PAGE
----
Assassin’s Creed Movie is Still Not the Adaptation You’re Looking For
Assassin’s Creed Movie Review
Another huge videogame franchise, another movie adaptation, another project lost between the conflicting formats; we all know the drill by now. Assassin’s Creed is the latest attempt in translating a popular videogame into a film, but the same nagging issues from previous endeavors hold it back from succeeding where others have failed. Whereas a lack of intrinsic characterization may be forgiven amidst the chaotic battles in the context of an action-based videogame, the medium of film, with its more passive qualities, requires a certain level of character-building. This proves a problem when even the mighty Michael Fassbender seems to lack credence in portraying his leading role.
The film follows troubled assassin-to-be Callum Lynch (Fassbender), a man still reeling from the death of his mother at the hands of his father. After waking up from what was meant to be his lawful execution, Callum finds himself in a medical institution run by a menacing society known as the Templars. It is here where the facility head scientist, Dr. Sophia Rikkin, tasks him with locating the apple of Eden. In order to achieve this task, Callum must enter the Animus, a giant mechanical claw that synchronizes his genetic code with that of his Spanish 15th-century assassin descendant, Aguilar De Nerha, the last known person to be in possession of the apple. What follows is an archetypal, quasi-religious battle between the Assassins (good guys) and the Templars (bad guys).
If it sounds crazy, that’s because it is. The premise allows the film to operate in two different timelines that highlight the best and the worst the film has to offer. The sterile cleanliness of the institution juxtaposes effectively with the sepia-tinged 15th-century post-inquisition Spain. Unfortunately (and rather bizarrely), the same issues that plagued the original videogames games also happen to wreak havoc here too, but to a worse degree. Aguilar De Nerha is an Assassin sworn to protect the apple from the Templars by any means necessary, but any further background about this character is denied to the audience, mostly due to the brief stints we spend in Spain before returning to the modern-day. Admittedly, the scenes he’s in are the most fun, as he scales walls and performs some of the most extreme and entertaining parkour recorded on film. These fast-paced evasion scenes lifted directly from the videogames lend the film a sense of gravitas. It is unfortunate then, that while the film is at its best here, Aguilar’s character development is severely undercooked, as his motivations and reasons for fighting alongside his assassin companions remain a frustrating mystery.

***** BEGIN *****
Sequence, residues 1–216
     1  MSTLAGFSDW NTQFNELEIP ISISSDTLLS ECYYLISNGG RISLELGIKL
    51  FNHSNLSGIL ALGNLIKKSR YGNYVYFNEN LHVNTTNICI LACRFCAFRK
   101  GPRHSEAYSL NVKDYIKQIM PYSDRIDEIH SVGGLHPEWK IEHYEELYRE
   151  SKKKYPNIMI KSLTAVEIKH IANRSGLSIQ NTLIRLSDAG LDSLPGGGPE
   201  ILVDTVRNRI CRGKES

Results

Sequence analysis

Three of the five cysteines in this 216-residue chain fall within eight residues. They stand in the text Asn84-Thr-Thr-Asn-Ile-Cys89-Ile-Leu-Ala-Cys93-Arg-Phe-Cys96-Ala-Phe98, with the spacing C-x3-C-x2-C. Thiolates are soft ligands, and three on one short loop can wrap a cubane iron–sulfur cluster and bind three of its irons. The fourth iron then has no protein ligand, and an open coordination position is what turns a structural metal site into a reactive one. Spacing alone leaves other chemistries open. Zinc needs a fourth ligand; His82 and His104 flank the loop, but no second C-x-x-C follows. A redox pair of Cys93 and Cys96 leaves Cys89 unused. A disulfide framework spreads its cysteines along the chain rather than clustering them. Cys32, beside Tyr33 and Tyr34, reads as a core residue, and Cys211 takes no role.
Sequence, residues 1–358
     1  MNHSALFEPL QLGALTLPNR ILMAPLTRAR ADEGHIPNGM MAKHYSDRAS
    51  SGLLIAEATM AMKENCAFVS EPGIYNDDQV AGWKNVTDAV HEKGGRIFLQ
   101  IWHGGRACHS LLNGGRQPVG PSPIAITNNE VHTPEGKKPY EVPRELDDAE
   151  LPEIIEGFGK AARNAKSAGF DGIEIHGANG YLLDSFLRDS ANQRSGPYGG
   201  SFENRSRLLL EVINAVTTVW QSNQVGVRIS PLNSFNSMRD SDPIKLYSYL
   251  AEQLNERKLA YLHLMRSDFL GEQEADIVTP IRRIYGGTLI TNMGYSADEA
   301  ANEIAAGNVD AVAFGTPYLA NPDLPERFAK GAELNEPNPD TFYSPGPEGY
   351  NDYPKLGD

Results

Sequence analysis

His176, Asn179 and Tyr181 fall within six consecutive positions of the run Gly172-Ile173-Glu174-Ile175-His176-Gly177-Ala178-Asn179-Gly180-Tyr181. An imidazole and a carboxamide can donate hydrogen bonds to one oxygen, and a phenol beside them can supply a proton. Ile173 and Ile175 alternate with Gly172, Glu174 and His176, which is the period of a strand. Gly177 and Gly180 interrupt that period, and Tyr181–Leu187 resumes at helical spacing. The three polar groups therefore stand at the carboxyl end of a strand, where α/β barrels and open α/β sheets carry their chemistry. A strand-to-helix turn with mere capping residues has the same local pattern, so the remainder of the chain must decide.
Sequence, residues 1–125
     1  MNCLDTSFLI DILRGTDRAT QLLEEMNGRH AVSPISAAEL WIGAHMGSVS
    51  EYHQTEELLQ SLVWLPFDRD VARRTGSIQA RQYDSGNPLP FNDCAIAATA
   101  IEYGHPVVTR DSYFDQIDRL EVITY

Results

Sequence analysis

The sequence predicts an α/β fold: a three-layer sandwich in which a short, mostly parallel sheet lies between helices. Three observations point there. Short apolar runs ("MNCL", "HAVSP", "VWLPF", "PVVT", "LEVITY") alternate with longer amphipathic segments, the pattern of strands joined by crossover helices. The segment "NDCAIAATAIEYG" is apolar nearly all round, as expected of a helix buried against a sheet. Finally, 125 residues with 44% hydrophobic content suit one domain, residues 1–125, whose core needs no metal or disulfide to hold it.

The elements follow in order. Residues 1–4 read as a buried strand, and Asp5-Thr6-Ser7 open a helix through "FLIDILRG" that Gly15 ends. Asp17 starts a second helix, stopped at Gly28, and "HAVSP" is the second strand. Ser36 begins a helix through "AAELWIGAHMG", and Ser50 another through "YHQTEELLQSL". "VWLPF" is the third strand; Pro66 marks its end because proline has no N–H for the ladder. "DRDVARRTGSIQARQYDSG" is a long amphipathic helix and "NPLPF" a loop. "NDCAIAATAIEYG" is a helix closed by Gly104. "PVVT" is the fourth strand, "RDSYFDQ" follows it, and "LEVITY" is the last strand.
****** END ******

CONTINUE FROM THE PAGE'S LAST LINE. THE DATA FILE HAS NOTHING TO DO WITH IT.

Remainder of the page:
The scenes in the institution form the majority of the film’s running time, and even here the characters are underutilized, tools with which concoct glaringly obvious plot devices. Michael Fassbender’s Callum is a tortured soul, as the film likes to tell us, but we never truly see that onscreen. Instead, the film focuses on the hallucinogenic relationship between Callum and Aguilar to set the pieces up for the action-heavy last act. The disparity between Callum and Aguilar and their timelines, though pertinent to the film’s plot, fails to resonate because we simply don’t know enough about either character to care. It is Marrion Cotillard’s Dr. Sophia Rikkin and her conflicted and unwilling antagonist that comes closest to portraying a compelling grey area between the two warring factions, but ultimately her character is left out to dry while the Assassins and Templars duke it out.
Where the film excels, it does so with natural aplomb and deadly accuracy. The swift tracking shots of an eagle swooping and diving in-and-around the Spanish villages and cities are as exhilarating as they are graceful. The camera captures glimpses of the chaos of war, but that is all they are – glimpses of a bigger picture that director Justin Kurzel casually glosses over on his way to laying the foundations for the next impressive set-piece. Fans of the Ubisoft franchise can rejoice in the knowledge that all the staples of the prolific series are presented here in spectacular fashion: the assassin’s hidden wrist blade, the cool hood, and even the leaps of faith all play their part in making the film aesthetically pleasing to the eye. The blisteringly-fast action sequences require great physical presence from the cast, and luckily Fassbender and company are up to the challenge. The rooftop parkour sequence stands out in particular, as Aguilar attempts to evade and escape a large group of Templars by athletic wall-running and rope-swinging his way through a crowded city. The same can be said for the fighting choreography, and the pinpoint accuracy of each killing blow, as Aguilar lays waste to a constant stream of incoming enemies. The audience is barely given enough time to breathe before…everything is slowed right down again and we are transported back to the institute for a heavy dose of exposition and scene stalling.
It’s frustrating, then, how Assassin’s Creed, despite its best intentions, still finds itself residing in the failed videogame/movie adaptation camp. Ironically it turns into a game of “whose story is it anyway?” as an unintentional tug-of-war battle commences between both timelines. Assassin’s Creed does a great job of looking the part in terms of spectacle but is undermined by overly simplistic and vague characters in a film that doesn’t quite know where it needs to be.